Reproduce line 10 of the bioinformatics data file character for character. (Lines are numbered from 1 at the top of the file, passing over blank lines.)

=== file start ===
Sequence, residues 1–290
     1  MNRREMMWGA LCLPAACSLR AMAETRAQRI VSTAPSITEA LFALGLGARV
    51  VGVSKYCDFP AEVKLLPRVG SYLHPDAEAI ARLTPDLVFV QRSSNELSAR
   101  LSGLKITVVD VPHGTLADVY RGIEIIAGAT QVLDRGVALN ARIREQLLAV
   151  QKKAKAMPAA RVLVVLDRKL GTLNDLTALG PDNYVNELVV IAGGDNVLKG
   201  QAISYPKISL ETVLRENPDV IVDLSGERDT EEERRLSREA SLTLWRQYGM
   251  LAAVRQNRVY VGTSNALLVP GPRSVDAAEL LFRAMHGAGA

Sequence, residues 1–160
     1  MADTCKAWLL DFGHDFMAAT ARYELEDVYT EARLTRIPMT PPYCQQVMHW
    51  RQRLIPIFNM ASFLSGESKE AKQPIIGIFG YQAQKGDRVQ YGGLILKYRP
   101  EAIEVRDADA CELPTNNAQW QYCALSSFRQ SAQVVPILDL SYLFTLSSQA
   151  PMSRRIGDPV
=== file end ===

    51  RQRLIPIFNM ASFLSGESKE AKQPIIGIFG YQAQKGDRVQ YGGLILKYRP